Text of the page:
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Check My Mind
THREE HOUR(S) BEFORE
“Where the heck are we going?” I panted, plopping myself down on a rock that I could barely see in the dim light and then jumping up with a yelp of pain as something sharp dug into the seat of my jeans. Laughing, Jamael, or Jamie as I call him, my best friend since I was four, brushed the prickly branch that had violated me off of the rock and watched as it slowly danced and twisted down the side of the hill.
“You okay, Aleya?” The words were not tender, heartfelt, or alarmed. That wasn’t Jamie’s way. He didn’t give concern where concern wasn’t needed. His voice was casual, only asking because if he didn’t, I’d get mad at him, and he hated that.
“Yeah, fine.” I replied, yawning as I raised my eyebrows, waiting for an answer to my previous question.
“What? You want me to ruin the surprise?” He asked in mocked exasperation, twirling his flashlight in his hand like a baton and sending rods of light in every direction. The day Jamie got upset about something of unimportance would be the day pigs actually did transfer swine flu.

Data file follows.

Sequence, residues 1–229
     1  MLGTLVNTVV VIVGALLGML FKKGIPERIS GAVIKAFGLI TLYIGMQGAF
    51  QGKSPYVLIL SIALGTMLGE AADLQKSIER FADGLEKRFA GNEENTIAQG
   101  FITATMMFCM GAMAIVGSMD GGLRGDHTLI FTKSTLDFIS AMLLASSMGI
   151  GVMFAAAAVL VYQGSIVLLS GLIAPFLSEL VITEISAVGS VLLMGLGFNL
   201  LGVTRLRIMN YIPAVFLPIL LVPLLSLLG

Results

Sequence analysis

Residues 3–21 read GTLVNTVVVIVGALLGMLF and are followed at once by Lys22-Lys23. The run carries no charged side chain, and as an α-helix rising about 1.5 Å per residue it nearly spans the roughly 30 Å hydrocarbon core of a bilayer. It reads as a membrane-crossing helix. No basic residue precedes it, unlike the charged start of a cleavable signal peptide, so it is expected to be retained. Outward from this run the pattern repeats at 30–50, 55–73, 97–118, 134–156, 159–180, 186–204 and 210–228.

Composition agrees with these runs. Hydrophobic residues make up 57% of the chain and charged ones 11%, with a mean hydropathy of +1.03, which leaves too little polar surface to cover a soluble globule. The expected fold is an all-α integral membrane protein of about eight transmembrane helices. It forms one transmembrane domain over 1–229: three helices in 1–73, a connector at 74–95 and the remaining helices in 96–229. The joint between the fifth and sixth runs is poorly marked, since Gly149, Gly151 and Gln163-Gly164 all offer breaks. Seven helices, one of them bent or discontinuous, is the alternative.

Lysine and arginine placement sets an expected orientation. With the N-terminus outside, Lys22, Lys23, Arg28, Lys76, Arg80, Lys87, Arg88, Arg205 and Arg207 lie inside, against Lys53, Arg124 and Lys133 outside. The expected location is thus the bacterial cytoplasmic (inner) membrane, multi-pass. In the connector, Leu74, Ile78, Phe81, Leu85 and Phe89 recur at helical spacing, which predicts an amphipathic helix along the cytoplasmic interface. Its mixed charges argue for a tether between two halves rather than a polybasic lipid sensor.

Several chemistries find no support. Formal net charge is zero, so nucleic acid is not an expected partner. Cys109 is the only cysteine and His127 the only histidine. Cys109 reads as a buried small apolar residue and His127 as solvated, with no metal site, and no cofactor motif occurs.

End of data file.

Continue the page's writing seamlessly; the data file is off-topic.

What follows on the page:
“Yes, actually, I do want you to ruin the surprise,” I shot back, sitting down on the rock again with caution as I checked for additional pokey objects. “I hate surprises.”
“I know,” said Jamie with a grin that lit up his whole face and made him look like a big goof, “That’s why I love giving them to you. Come on, we’re almost there.”
For my eighteenth birthday Jamie had woken me up at five in the morning, thrown clothes on my bed and ordered me to get dressed. “We’re going for a walk.” He’d stated, darting out of my room and rummaging through my bathroom drawer as he looked for my tooth brush, trying to speed-up my “getting ready” process.
What he should have said was that we were going for a drive. We drove for at least forty-five minutes until we’d passed the boundaries of our small town and had flown through the miles and miles of small hills that separated my bubble of life from the rest of the world. Stopping abruptly, he’d leaped out of his rusted truck and, jumping over the back, opened my door for me, impatiently taking my hand and pulling me along as he’d run across the road and started to climb one of the biggest hills around.
“Here it is,” Jamie skidded to a halt and waited for me to catch up with him.
“Where?” I asked.
“Right there, Way.” Of course Jamie was the only one alive who was allowed to call me that, because when he’d met me he had a terrible lisp, which turned my name into Aweya, so I let him call me Way. He has ever since.